Adama Barrow will be sworn in as Gambian president Thursday at his country's embassy in the Senegalese capital Dakar, the president-elect announced.
"The General Public is hereby invited!!", he said on Facebook.
Barrow had earlier been expected to travel to Gambia for his inauguration, which the constitution mandated to take place on Thursday, but the ceremony was jeopardized by outgoing President Yahya Jammeh's refusal to give up power after losing the December 1 election.
A top intelligence officer meanwhile said Gambia's army chief of staff and police inspector general are no longer loyal to Jammeh.
Chief of Defence Staff General Ousman Badgie and Inspector General of Police Ousman Sonko stopped taking commands from Jammeh at midnight, when his time in office officially ended after 22 years, the intelligence officer told dpa on condition of anonymity.
Both chiefs had previously pledged loyalty to Jammeh.
Barrow won the December election, defeating Jammeh, who came to power in a coup in 1994. Jammeh initially conceded defeat but then changed his mind and said he would not accept the results, saying the election was marred by irregularities.
Jammeh has resisted strong international pressure for him to step down and allow Barrow to take office and allow a peaceful resolution to Gambia's crisis. His mandate expired at midnight, and troops from Senegal and other West African countries have positioned themselves on Gambia's border with the intention of forcing Jammeh out if he doesn't agree to leave.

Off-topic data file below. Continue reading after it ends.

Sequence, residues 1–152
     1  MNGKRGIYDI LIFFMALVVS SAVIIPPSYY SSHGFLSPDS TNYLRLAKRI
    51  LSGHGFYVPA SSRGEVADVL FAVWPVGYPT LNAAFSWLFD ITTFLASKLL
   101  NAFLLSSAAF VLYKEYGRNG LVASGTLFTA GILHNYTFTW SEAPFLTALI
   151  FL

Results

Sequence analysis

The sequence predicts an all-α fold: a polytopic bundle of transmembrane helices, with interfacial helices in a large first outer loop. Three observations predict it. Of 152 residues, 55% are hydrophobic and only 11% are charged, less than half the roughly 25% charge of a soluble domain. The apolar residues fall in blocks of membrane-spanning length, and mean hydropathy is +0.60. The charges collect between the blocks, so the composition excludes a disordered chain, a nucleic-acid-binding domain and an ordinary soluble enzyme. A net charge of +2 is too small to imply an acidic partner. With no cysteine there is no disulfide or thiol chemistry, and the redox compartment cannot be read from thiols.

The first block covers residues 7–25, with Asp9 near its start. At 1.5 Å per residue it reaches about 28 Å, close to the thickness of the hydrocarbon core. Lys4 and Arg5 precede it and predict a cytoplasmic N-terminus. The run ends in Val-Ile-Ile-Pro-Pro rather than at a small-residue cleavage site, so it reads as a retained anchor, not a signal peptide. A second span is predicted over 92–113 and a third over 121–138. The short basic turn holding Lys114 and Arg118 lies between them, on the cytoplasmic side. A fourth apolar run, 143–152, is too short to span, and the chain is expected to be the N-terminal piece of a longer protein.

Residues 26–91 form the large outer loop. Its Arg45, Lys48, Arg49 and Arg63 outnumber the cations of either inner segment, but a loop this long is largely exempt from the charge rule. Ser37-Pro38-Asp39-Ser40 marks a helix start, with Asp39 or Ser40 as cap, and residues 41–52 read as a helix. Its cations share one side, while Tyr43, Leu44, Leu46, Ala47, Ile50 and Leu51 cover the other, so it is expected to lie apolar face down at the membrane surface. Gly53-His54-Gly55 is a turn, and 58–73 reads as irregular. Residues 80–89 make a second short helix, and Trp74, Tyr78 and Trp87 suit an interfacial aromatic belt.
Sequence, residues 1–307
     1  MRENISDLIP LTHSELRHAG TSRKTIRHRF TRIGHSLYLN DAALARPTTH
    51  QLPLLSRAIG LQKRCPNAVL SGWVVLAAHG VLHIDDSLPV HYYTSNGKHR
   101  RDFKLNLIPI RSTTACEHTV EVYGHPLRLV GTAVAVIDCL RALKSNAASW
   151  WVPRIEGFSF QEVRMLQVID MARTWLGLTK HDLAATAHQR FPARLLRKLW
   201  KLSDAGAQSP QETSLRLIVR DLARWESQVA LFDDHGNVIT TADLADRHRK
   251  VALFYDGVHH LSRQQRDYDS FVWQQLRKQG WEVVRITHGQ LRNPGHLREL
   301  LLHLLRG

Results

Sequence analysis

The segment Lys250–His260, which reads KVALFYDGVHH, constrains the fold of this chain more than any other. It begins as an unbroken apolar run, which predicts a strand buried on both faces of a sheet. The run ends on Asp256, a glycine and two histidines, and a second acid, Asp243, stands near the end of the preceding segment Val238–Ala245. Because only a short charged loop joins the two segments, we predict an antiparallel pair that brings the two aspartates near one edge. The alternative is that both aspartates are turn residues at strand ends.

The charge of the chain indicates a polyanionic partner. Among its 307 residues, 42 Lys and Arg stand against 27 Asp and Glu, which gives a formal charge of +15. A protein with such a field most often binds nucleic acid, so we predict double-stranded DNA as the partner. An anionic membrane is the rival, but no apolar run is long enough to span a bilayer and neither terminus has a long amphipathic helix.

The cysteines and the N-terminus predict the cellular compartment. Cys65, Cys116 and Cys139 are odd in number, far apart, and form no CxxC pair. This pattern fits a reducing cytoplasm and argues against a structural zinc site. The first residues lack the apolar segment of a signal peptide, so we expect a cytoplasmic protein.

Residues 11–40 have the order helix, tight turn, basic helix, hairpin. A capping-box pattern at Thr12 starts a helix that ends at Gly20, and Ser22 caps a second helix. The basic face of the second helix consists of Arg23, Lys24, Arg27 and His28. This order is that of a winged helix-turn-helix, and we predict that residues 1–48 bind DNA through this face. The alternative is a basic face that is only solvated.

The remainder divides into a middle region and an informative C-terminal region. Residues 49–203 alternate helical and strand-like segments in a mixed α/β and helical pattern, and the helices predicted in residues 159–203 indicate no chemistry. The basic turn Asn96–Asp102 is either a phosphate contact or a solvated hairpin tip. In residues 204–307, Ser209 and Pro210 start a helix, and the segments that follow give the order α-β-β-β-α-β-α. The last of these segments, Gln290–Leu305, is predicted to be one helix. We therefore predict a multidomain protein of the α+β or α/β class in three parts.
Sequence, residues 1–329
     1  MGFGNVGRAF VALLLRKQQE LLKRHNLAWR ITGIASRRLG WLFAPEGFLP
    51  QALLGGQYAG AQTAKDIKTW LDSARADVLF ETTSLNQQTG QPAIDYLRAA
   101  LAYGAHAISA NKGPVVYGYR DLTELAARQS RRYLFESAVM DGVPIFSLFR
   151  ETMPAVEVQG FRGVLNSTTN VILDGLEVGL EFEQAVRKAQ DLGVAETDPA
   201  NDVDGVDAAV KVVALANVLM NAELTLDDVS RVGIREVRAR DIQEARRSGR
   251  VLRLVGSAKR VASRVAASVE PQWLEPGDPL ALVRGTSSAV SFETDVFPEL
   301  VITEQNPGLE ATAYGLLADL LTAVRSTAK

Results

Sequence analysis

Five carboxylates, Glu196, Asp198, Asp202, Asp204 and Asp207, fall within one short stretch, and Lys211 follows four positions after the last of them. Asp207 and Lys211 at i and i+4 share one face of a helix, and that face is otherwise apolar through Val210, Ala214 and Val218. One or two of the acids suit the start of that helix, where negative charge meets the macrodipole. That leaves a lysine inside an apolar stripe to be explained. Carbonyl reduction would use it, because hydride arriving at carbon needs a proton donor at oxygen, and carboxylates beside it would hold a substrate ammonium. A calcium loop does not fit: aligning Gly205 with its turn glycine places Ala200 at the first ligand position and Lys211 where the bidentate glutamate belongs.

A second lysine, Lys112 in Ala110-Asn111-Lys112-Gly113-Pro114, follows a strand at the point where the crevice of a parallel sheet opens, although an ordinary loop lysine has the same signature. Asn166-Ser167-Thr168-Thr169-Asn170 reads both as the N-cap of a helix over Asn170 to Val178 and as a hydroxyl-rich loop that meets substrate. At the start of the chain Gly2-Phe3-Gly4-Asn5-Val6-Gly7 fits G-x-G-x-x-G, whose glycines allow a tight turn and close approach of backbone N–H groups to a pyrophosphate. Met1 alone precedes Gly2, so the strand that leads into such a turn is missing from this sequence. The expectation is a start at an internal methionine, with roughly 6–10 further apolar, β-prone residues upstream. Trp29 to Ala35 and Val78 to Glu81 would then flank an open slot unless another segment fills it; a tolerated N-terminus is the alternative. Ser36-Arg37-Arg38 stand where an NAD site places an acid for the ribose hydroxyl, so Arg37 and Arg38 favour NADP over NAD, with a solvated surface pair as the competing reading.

Experts don't believe Jammeh would be able to hold up a military battle for long. The country of 1.9 million people has about 1,000 soldiers, little capacity to fight a well-trained army, for example that of Senegal, which has almost 20,000 troops.
In a last-minute effort to find a diplomatic resolution, Mauritania President Mohamed Ould Abdel Aziz flew to Gambia's capital, Banjul, and met with Jammeh on Wednesday night before traveling to Senegal to meet with Barrow and Senegal President Macky Sall. However, no resolution was announced by Thursday morning, and Jammeh made no public statements.
It was not clear where Jammeh was Thursday.
The streets of Banjul were quiet on Thursday, with few cars and scattered groups of men gathered on roadsides chatting under trees.
Jammeh declared a state of emergency this week, but there were no signs of military activity and fewer checkpoints than in previous days.
Thousands of Gambians have fled the country, including some former cabinet members who resigned in recent days. Hundreds of foreign tourists, including many from Britain and the Netherlands, were evacuated on special charter flights.
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